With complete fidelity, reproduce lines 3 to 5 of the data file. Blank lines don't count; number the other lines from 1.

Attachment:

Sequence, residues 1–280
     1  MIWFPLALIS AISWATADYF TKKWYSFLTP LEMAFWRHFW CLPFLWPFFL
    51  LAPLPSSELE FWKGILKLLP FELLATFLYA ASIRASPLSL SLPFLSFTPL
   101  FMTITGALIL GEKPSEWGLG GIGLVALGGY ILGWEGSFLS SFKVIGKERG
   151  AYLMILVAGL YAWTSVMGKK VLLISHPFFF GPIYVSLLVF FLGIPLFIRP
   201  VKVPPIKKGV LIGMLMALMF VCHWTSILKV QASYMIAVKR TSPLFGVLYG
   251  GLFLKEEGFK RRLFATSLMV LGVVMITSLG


    51  LAPLPSSELE FWKGILKLLP FELLATFLYA ASIRASPLSL SLPFLSFTPL
   101  FMTITGALIL GEKPSEWGLG GIGLVALGGY ILGWEGSFLS SFKVIGKERG
   151  AYLMILVAGL YAWTSVMGKK VLLISHPFFF GPIYVSLLVF FLGIPLFIRP